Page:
Speaking of banks, I encourage you to avoid Yuuchou Ginko (the post office bank), as it’s easy to make an account but very inconvenient in the long run for sending or receiving money, and they don’t have great options for cards or savings.
You can order a lot of stuff to arrive at your place shortly after you do, AND you can pay in cash on delivery! So if your place isn’t furnished, order a bed/futon and ceiling lights! Check out sites like Nitori and Ikea for easy furniture and kitchen stuff purchasing.
You can order your hanko, or seal, to arrive at your place as well. But did you know, you don’t have to have your full name? You can go with first, last, katakana, kanji, whatever! I ended up with my full name, because I thought I needed to on an official thing. It ended up being VERY expensive, and so big I couldn’t use generic cases or ink for it. I had to scrap it.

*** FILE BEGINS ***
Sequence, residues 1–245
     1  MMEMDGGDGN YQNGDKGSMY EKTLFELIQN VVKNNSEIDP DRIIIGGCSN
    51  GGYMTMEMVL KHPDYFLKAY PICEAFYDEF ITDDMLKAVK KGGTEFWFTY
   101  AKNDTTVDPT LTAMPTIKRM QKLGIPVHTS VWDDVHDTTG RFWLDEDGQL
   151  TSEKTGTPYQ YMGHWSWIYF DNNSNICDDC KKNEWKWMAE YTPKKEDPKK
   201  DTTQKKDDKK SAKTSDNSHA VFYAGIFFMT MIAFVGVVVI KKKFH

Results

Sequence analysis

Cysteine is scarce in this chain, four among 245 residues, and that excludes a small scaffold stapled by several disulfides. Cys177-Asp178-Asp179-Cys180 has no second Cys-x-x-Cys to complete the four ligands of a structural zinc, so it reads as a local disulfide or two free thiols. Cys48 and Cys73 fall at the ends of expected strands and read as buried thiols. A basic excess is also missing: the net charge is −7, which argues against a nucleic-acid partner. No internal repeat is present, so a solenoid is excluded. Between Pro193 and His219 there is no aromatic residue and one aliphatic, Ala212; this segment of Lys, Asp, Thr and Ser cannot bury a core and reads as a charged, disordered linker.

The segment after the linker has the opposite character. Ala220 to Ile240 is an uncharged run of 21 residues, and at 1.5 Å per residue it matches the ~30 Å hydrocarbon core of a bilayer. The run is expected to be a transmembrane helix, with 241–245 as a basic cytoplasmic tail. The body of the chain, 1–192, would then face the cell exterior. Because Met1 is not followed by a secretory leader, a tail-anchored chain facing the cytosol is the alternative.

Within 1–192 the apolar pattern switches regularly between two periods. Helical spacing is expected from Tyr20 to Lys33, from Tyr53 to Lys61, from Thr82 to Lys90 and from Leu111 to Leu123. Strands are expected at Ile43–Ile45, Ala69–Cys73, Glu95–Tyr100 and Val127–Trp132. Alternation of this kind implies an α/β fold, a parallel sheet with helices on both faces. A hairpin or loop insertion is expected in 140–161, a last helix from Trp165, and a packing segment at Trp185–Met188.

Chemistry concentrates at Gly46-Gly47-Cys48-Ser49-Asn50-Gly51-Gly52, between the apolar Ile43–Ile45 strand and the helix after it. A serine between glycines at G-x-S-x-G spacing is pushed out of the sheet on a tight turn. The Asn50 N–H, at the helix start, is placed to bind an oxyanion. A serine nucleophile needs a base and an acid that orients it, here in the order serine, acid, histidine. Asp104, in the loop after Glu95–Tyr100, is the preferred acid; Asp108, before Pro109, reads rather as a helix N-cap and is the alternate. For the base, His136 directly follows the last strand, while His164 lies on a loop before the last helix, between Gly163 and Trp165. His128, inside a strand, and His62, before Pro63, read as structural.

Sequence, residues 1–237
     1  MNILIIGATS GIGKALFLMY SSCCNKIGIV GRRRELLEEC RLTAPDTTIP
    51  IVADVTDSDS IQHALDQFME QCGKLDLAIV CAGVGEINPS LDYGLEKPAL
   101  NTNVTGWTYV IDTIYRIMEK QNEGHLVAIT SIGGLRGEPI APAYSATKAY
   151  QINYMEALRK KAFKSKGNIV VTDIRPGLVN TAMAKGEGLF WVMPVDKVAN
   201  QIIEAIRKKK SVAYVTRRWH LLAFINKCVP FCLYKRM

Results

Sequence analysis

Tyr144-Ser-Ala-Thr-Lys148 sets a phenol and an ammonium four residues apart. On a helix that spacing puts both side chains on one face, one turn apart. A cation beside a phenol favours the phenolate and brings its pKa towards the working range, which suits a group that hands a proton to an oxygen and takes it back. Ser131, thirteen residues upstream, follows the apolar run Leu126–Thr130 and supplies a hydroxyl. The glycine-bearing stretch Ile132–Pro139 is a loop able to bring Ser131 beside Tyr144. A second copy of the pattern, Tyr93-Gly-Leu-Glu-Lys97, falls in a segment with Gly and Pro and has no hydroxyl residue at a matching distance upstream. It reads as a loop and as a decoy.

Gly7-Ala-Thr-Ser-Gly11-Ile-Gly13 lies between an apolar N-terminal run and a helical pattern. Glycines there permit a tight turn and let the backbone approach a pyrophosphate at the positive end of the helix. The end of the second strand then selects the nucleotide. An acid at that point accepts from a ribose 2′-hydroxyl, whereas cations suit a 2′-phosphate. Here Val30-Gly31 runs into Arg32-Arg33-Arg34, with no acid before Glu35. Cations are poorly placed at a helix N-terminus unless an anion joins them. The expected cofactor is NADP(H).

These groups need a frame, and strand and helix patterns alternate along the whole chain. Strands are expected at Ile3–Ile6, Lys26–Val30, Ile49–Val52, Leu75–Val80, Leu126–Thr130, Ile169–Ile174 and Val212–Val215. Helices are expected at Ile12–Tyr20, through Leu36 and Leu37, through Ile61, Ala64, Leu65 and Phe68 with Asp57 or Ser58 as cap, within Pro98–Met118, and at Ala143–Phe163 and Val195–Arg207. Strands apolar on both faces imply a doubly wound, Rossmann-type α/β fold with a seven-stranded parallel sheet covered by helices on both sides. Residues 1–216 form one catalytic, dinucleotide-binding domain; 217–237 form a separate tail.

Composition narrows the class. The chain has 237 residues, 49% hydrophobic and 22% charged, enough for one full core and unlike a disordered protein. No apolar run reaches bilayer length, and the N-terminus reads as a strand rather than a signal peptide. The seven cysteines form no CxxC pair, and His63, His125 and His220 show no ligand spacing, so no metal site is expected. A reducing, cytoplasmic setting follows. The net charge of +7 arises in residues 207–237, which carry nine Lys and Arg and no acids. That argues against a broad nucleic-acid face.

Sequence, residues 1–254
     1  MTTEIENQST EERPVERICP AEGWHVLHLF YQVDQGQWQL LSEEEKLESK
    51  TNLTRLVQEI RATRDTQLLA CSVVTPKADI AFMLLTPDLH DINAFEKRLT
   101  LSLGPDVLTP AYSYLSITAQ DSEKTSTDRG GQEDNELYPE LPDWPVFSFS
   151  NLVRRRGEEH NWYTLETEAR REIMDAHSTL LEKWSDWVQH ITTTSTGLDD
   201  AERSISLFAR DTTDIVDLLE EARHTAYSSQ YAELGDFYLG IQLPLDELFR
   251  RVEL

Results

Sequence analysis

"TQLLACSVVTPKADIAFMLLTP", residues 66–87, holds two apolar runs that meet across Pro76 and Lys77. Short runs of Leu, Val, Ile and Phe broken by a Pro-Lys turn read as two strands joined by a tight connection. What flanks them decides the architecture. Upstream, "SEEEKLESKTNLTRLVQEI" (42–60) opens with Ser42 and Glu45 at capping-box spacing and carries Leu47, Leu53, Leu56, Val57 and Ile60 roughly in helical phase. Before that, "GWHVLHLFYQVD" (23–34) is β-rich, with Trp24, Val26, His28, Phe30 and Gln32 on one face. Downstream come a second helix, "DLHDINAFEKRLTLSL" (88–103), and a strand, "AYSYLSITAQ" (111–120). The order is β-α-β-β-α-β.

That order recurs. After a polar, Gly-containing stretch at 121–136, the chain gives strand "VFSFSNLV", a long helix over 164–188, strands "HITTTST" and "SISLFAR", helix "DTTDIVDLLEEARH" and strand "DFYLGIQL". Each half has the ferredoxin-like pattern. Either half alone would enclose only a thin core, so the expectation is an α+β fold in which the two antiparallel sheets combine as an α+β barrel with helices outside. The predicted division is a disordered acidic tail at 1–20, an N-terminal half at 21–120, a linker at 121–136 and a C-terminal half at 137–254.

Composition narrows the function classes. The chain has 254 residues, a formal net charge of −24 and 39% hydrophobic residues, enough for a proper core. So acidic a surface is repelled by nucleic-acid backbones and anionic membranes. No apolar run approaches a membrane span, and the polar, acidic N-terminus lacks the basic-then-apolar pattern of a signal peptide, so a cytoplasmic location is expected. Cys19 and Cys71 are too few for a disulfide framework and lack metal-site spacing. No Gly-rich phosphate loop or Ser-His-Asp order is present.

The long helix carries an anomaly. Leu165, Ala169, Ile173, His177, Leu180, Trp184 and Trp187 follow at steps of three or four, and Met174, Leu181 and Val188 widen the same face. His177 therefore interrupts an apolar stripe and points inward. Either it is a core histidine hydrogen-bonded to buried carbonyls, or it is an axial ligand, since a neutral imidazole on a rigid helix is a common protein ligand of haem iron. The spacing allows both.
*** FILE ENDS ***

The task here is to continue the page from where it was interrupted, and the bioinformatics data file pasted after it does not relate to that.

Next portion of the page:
Get your gas, electric, and water sorted before you go. We could only do our electricity online before we went, so we had to organize the gas person to visit us on day 2, and for
Phones. I can’t stress how much this would have helped us if we’d known. You can get temporary sims at the airport, which will save you not knowing where your house is, not being able to phone the water company, and with it you can arrange redelivery if you miss your bed. GET. A. SIM. Before you go though, you’ll need to check if your phone can take other sims, and if not, get a phone that can. You can sort out a long term contract when you get settled.
Plan your wardrobe. If you have big feet, you’ll want to bring shoes. Women’s sizes go up to 25cm on average, with some places doing up to 26cm. Men’s sizes go up to about 28cm, and some places go up to 30cm but they get expensive. If you’re coming in summer, try and avoid sleeveless tops, despite the heat. Baring your shoulders marks you as a tourist in Japan. Generally, fashion here covers the shoulders at least, for all genders. Cleavage is VERY rare. Legs are pretty much always on display, however, so if you’re hot, go for shorts or a skirt, and a light top with sleeves. Having your shoulders out won’t be considered rude or anything, but you will stick out.